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Late last night, Re/Code reported that the anonymous secrets-sharing app Whisper had raised another $30 million in a round led by Shasta Ventures. That brings its total funding to $54 million and its valuation to a reported $200 million, up from $76 million. If that sounds outrageous, keep in mind that Whisper, which is hugely popular among high school and college students, claims over 3 billion pageviews a month. New York Magazine’s Kevin Roose points out that’s more traffic than LinkedIn, Upworthy, and WordPress combined. (Though because a Whisper post is just a picture and a few words, it’s probably more appropriate to compare to, say, Snapchat, which shares more than 400 million snaps a day).

The mechanics of Whisper are simple: Users share one-to-two line status updates overlaid over images and “heart” others’ Whispers to show their appreciation. Examples include personal secrets (“Nobody at work knows I’m a lesbian and live with my girlfriend…”), inspiring stories (“I work in Hospice. Sometimes I stay hours after my shift if someone is close to dying to make sure they don’t die alone.”), and confessions of guilt (“All my friends think my art is amazing, but really it’s all traced then strategically rearranged to look good.”)

There’s something massively appealing about anonymous apps like Whisper (and Secret) which strip away the vanity and narcissism and “brand-building” we see on Facebook and Twitter. Whisper encourages creation over consumption by removing the pretense for cleverness. It lets you dance like no one’s watching while still feeling connected.

The problem with Whisper, and the reason I’m troubled by its massive funding round and bloated valuation, is the question of how the company plans to make money in order to justify it, and what that means for its community and maybe civilization as we know it. By hiring big names in editorial, like Gawker’s talented traffic-driving blogger Neetzan Zimmerman, Whisper has positioned itself as a content company, sharing and repurposing what it deems the “best” posts. That’s just fine for funny one-liners or shocking tales of perversion. But what happens when the posts are more incriminating? Last month, Whisper tweeted out a post from the app claiming that Gwyneth Paltrow was cheating on Chris Martin.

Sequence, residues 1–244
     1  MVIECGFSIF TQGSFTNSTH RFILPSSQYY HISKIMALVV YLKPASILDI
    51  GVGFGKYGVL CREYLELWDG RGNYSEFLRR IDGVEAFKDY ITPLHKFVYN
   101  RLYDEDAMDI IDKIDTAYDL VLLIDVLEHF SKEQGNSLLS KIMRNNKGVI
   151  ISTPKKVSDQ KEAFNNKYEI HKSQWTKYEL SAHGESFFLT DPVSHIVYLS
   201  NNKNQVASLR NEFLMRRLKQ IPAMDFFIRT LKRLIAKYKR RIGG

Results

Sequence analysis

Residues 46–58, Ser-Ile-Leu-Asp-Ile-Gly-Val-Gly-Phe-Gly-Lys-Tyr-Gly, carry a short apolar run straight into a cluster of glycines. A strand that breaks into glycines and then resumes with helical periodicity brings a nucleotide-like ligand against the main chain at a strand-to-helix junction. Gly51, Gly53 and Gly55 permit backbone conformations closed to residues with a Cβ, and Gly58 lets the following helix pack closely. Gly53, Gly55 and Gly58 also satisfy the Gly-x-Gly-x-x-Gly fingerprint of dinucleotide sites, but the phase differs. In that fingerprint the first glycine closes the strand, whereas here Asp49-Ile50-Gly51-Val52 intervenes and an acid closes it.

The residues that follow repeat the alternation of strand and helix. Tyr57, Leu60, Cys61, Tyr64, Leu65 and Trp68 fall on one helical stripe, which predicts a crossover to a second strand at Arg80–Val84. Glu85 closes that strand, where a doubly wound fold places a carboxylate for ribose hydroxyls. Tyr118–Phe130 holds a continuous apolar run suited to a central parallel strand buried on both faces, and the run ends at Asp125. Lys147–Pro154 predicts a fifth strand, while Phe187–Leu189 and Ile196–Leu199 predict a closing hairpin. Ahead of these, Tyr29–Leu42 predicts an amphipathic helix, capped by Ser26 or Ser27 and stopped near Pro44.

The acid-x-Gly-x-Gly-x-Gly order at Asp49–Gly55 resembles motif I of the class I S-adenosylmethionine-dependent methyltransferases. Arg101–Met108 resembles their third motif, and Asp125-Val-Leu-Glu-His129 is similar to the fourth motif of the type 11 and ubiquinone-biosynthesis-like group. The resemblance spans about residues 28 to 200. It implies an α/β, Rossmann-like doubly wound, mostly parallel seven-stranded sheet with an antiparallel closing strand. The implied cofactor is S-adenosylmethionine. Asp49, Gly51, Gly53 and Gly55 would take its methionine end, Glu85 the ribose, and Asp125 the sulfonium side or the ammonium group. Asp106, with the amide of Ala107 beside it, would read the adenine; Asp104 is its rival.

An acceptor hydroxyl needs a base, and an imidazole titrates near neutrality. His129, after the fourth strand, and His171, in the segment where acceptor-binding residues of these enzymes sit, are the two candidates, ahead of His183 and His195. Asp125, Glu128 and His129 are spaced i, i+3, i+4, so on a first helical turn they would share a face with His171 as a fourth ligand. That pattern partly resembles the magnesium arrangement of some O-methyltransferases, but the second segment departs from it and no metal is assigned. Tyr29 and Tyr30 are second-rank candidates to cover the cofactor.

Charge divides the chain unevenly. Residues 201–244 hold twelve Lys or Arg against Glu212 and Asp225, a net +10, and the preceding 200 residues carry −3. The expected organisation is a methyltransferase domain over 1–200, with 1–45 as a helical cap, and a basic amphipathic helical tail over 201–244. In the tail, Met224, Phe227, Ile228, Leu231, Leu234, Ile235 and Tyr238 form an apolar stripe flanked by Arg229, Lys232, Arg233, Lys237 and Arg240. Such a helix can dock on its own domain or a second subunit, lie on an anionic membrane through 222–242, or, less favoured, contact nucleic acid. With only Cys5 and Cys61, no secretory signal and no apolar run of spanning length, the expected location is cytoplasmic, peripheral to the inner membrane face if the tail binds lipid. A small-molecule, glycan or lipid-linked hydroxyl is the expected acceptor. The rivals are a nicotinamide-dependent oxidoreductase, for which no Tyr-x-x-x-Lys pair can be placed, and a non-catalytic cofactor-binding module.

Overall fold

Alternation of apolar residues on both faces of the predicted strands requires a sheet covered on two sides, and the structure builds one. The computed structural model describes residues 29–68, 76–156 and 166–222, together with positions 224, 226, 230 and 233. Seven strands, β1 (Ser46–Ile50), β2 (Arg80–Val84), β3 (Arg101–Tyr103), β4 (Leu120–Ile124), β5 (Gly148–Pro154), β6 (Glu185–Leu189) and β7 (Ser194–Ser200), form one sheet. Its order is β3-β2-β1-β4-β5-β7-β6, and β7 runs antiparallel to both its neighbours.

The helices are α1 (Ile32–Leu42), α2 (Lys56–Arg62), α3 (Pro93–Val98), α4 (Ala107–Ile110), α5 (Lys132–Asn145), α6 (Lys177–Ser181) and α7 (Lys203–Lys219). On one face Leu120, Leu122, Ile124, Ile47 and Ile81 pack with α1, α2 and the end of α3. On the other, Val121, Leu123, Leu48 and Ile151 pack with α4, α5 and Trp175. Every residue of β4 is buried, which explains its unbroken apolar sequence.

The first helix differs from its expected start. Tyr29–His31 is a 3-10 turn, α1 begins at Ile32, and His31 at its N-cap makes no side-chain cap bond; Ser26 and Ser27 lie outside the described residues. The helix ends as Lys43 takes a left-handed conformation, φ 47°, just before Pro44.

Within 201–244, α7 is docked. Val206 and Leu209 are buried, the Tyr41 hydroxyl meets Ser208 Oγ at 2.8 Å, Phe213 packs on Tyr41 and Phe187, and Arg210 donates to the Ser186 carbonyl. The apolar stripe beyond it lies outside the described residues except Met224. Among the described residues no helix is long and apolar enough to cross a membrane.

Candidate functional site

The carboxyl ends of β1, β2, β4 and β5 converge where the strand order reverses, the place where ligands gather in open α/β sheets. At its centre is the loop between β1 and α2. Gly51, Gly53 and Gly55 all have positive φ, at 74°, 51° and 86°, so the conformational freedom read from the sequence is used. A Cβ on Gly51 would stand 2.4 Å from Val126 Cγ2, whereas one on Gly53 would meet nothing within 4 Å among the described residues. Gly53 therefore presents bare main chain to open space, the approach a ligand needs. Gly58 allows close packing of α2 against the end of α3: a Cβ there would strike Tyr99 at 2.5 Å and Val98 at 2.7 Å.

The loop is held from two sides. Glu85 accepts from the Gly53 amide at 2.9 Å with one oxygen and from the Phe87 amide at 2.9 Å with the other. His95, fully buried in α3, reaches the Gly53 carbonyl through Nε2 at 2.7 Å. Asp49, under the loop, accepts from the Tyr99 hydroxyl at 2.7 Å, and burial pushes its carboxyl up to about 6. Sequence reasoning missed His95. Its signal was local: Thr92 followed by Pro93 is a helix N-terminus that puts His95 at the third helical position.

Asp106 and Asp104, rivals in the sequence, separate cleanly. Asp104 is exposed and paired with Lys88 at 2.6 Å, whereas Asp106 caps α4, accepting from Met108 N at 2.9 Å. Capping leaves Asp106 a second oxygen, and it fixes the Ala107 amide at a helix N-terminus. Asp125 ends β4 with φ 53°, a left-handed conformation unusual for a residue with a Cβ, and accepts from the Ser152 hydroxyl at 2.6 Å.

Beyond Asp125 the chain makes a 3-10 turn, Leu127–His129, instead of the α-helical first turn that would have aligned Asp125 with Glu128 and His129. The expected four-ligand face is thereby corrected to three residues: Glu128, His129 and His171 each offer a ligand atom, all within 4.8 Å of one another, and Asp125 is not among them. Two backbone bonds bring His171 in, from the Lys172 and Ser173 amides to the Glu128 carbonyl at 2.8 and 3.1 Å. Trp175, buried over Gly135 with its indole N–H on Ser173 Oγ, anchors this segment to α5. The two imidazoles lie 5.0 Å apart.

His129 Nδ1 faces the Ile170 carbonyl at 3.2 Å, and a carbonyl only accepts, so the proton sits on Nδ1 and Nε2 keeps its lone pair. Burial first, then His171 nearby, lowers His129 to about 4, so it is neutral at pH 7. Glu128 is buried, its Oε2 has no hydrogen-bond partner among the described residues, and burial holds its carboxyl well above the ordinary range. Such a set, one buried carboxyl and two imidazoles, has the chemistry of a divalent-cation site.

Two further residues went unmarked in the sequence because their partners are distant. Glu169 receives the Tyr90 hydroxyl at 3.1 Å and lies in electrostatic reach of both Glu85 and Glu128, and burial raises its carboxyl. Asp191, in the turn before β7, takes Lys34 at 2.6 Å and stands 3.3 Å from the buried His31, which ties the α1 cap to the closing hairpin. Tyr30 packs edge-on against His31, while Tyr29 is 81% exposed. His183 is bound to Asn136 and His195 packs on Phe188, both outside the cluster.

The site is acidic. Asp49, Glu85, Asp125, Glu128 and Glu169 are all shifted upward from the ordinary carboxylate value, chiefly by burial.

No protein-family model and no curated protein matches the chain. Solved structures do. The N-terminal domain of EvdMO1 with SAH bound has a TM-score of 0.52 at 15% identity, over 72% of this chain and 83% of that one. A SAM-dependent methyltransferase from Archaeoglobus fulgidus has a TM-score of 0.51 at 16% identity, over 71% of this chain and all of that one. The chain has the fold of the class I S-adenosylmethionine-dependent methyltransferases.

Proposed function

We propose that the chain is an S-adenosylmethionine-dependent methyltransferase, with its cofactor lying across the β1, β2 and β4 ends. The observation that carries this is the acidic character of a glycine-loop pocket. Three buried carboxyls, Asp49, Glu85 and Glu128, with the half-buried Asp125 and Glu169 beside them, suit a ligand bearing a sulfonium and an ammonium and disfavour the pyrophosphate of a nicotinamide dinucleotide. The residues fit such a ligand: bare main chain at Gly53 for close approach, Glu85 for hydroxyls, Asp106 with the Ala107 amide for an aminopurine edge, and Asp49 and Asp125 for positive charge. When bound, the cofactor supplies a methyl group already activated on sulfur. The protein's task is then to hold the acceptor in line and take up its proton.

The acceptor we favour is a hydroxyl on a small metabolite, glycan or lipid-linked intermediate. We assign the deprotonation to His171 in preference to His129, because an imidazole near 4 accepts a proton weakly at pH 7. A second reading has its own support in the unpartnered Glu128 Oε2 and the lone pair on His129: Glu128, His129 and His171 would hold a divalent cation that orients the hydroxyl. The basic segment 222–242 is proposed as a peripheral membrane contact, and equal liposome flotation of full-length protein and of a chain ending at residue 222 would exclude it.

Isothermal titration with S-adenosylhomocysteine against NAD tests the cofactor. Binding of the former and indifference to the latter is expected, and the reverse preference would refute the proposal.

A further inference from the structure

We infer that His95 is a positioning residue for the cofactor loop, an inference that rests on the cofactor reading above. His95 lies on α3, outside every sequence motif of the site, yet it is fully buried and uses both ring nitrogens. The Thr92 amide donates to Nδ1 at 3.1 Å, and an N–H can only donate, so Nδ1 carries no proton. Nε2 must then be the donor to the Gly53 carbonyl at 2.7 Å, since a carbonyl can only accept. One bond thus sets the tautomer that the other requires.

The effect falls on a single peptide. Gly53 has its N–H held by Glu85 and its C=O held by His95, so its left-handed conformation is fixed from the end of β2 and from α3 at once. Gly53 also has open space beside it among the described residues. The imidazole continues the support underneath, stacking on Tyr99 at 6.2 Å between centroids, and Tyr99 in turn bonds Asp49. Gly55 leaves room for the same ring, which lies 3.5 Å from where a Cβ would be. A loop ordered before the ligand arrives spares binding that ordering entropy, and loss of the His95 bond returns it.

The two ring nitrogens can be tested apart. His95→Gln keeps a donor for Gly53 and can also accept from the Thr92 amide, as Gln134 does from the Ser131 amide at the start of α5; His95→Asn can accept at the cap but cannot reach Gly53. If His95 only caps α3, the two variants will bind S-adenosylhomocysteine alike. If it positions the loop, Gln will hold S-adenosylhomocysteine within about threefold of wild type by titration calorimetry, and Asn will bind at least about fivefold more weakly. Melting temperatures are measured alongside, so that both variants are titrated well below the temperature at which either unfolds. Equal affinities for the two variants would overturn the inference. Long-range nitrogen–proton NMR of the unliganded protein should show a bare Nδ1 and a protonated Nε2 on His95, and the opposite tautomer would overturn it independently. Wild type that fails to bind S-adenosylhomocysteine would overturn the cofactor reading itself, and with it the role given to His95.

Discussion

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“You heard it here first.” It looks like news, it sounds like news, and because it involves sex and celebrities people will click on it. But it also comes from an anonymous, invisible source offering no proof of authority or trustworthiness. Could it be a lead for an eventual news story? Maybe. But it is not, as Zimmerman put in a tweet, a “scoop.” And while I’m sure a celebrity like Paltrow is no stranger to unsupported claims (she’s denied the affair, by the way), what happens when the stakes are higher and the victims aren’t public figures? What if, in the wake of a terrorist attack, a Whisper user falsely accuses someone of being behind it, resulting in a witch hunt? The accuser’s intentions may even be good; you know, Reddit never intended to identify the wrong man in the wake of the Boston bombing.

Whisper CEO Michael Heyward told Business Insider these public accusations won’t happen to people unless they are public figure. “We have, (and always will have) a zero tolerance policy towards bullying and personal defamation on Whisper. That said, we have always allowed honest and open discussion as it relates to public figures or other entities in the public domain. Our policies around moderation will never change and are in place to make sure that no user ever feels hurt by the actions of another user on the service.”

Indeed, with the exception of the Paltrow post, Whisper’s moderation and curation has been very good. And there is a good-willed community on Whisper that seeks to stamp out bad actors. But can good will scale? Despite what Heyward says, I don’t think I’m being cynical to worry that some of those moderation policies may fall by the wayside as Whisper continues to grow and is forced to monetize. After all, even decades-old magazines sacrifice integrity in favor of pageviews. And when a non-public figure is accused of a very public act, what’s to stop Whisper from broadcasting this information in the interest of “news”?

Whisper posts could ruin lives one unlucky suspect at a time, or they may lead to a far more widespread insidiousness. The Awl’s Choire Sicha takes Whisper to its logical dystopian end, writing, “It’s not hard to track and organize the proper nouns or tags in submissions to those apps. Their work as data collection, not just broadcast, is their future. It’s a hop and a skip to have an anonymously sourced database of reputation.”

That’s right: You could lose out on a job or a date because someone with no authority said something awful about you on an anonymous network. And while in some cases this could be an agent for good, a kind of truth- and transparency-machine that brings hidden villains to justice, it could also be an agent for lies, out-of-context truths and jumped-to conclusions.

As a network for confessionals, and assuming the best when it comes to anti-bullying moderation, Whisper is a valuable source of entertainment and catharsis. But we live in a world where every tech company wants to become a billion-dollar endeavor, and with $30 million more in the bank, Whisper is definitely pushing to go big. To get there, however, it takes some serious leveraging of the data and content your users provide. And for a platform that encourages the dissemination of deep, dark secrets by anonymous voices, that leveraging could cause some serious collateral damage.

[Image via Shutterstock]